Another key distinguishing characteristic of the natural approaches to health is that they do not treat the disease, but the person. This may sounds like a contradiction because most believe that medicine always treats disease and illness. Natural medicine thinks about the body-mind, illness and health so differently from biomedicine, and this is a crucial point of difference. Disease is actually the body’s resistance to imbalances, which manifest as signs and symptoms—causing us to not feel well. As pointed out, the goal is to help the body return to balance, which cannot be achieved by fighting the disease alone. We have to change and aid the bodily system and natural functions rather than focus on the signs of the disease process.

The positive side of a modern medicine is that it is extremely effective at diagnosis, lifesaving emergency care, inoculation, surgery and the sophisticated technologies it uses. But it does very poorly with chronic health issues, mental illness, stress and the most common health concerns in Western countries: heart disease, cancer, stroke, diabetes, lung disease and autoimmune diseases like M.S., Parkinson’s and Alzheimer’s. Biomedicine does very well at extending life by suppressing the disease process. However, in many cases “healthcare” has become “sick-care.” Empirical and anecdotal evidence show that these health problems can be successfully prevented by lifestyle changes and treated by using 100 percent natural means. The most powerful tools are diet, exercise and stress management—the central components of lifestyle and preventive medicine. This is where traditional and natural approaches truly excel. Preventive medicine holds the keys to wellbeing and health. These approaches together collectively possess the practical knowledge needed to strengthen the body and increase wellness so we know what to do to create health, not just cure or manage sickness.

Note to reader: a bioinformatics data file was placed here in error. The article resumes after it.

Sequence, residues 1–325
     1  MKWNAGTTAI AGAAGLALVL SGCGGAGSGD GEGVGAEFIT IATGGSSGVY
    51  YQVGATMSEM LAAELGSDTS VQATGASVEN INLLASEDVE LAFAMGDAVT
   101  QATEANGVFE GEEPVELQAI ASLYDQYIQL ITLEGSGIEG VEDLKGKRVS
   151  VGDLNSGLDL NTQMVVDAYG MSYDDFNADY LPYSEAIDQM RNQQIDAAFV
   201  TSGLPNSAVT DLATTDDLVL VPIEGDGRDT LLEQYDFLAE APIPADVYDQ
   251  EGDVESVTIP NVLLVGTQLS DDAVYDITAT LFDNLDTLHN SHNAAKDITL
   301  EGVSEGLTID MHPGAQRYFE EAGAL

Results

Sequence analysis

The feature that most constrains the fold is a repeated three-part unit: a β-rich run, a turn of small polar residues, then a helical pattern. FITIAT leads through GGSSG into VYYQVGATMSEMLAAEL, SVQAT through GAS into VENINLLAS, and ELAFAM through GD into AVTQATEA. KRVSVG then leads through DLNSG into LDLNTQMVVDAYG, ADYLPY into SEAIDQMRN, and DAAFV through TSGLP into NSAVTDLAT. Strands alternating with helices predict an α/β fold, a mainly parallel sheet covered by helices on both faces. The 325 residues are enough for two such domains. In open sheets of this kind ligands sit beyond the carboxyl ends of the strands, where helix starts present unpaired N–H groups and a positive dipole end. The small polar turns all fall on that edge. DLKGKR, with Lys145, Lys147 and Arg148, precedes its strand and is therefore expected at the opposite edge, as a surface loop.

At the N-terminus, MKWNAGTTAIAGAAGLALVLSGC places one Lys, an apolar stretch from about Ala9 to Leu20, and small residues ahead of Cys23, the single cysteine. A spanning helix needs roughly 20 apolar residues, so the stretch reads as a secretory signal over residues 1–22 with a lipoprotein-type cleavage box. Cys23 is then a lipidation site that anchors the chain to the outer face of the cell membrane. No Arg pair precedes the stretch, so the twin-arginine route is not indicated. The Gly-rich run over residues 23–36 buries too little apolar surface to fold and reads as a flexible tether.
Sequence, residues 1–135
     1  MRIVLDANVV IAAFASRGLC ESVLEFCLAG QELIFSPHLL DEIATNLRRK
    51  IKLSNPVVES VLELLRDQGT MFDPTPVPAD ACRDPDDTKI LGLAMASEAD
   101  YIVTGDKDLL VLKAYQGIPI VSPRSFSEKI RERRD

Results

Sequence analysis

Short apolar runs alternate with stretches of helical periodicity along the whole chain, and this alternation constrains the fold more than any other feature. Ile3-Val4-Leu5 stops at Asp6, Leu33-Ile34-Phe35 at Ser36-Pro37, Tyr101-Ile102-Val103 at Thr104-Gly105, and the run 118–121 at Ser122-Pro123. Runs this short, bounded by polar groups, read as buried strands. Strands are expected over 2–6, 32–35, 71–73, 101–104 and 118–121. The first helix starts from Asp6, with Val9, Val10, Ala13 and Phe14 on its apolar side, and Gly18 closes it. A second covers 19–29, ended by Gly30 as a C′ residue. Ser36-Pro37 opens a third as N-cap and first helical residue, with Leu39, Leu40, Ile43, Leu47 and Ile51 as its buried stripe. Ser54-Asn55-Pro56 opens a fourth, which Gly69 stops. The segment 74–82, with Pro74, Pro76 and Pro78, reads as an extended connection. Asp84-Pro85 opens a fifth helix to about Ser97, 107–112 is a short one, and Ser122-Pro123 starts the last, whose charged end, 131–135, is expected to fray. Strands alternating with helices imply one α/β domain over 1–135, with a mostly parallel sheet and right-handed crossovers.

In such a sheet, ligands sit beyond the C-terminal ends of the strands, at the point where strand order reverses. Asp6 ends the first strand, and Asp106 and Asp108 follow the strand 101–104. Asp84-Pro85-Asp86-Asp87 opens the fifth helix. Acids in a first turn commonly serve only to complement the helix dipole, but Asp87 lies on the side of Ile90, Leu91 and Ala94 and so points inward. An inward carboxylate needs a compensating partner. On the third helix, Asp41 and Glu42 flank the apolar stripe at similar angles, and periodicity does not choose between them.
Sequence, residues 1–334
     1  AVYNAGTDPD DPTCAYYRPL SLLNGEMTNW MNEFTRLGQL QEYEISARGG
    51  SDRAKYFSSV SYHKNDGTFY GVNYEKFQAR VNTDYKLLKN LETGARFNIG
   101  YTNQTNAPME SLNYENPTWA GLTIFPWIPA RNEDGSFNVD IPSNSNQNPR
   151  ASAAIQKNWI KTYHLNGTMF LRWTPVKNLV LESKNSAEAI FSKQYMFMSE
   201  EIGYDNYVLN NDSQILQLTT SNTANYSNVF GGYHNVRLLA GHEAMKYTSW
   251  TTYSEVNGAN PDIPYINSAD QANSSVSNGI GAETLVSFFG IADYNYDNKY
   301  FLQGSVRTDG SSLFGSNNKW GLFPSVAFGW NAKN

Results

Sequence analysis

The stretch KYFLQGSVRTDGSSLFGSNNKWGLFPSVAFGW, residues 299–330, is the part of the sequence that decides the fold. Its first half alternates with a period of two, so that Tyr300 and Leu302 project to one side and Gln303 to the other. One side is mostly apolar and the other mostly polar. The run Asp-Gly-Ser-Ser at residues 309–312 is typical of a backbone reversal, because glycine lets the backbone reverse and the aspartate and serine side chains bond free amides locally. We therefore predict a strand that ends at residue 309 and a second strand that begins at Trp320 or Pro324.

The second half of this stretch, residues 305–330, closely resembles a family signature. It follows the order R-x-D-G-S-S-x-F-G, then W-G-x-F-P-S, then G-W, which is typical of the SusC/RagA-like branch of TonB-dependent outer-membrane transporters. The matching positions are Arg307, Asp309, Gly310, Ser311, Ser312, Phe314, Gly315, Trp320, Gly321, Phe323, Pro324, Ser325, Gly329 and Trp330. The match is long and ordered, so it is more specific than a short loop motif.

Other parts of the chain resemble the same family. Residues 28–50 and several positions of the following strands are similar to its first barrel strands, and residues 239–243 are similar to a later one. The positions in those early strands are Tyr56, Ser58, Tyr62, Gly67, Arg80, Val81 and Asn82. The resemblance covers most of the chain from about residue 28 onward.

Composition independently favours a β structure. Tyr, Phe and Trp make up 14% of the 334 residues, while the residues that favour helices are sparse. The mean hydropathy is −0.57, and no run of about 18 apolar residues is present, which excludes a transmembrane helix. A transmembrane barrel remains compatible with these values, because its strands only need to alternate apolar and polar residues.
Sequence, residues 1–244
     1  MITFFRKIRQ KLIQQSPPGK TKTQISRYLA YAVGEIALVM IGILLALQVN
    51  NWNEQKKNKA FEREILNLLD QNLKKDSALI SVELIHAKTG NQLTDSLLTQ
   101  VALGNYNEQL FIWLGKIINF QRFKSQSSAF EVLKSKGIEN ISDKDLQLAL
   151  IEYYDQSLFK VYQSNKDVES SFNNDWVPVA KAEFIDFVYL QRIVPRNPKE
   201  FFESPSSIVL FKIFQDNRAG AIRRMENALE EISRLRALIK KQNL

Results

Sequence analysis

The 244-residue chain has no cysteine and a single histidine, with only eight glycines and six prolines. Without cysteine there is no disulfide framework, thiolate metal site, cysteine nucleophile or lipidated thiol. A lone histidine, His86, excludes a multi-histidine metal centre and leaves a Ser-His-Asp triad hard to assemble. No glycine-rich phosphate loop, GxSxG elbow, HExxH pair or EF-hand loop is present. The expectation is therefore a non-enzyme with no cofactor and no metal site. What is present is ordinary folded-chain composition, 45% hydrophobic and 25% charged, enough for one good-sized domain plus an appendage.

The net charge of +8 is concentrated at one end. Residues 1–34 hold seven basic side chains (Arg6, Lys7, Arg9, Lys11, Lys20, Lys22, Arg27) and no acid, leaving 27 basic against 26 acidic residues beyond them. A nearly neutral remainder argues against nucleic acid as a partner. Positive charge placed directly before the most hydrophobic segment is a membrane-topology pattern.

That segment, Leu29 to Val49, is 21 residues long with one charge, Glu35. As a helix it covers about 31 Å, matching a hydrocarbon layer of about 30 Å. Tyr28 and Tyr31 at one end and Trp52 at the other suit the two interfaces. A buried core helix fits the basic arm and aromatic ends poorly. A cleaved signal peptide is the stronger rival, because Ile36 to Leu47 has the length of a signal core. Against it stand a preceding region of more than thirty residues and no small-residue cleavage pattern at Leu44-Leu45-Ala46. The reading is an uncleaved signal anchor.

8686686679_a0a3a2edd2_bNatural medicine focuses on the whole person and on getting the body itself back in balance so that its innate self-healing abilities are able to correct the imbalance which manifest as ill health. As the body rebalances itself, the signs and symptoms disappear naturally, not through repression (what drugs do), but because the body overcomes the disorder(s) that produce them.

We now have the possible integral or holistic approach based on a new paradigm that would help people create the conditions for health and wellbeing. Natural medicine becomes truly holistic when it treats the whole person, when the body, mind, emotions and lifestyle are included as part of our health considerations. Increasing wellness is much more effective than treating illness. By changing and strengthen the system, it will naturally overcome disease and we can thrive again.

© Keyvan Golestaneh 21o16

Keyvan Golestaneh M.A., L.Ac. is a natural and Chinese medical practitioner, herbalist, bodyworker, psychotherapist and writer with 30 years experience in Yoga, meditation and Qi Gong, and a degree in Anthropology. He is the director of the Conscious Health Institute. www.NewWorldMedicine.net & www.ConsciousHealthInstitute.org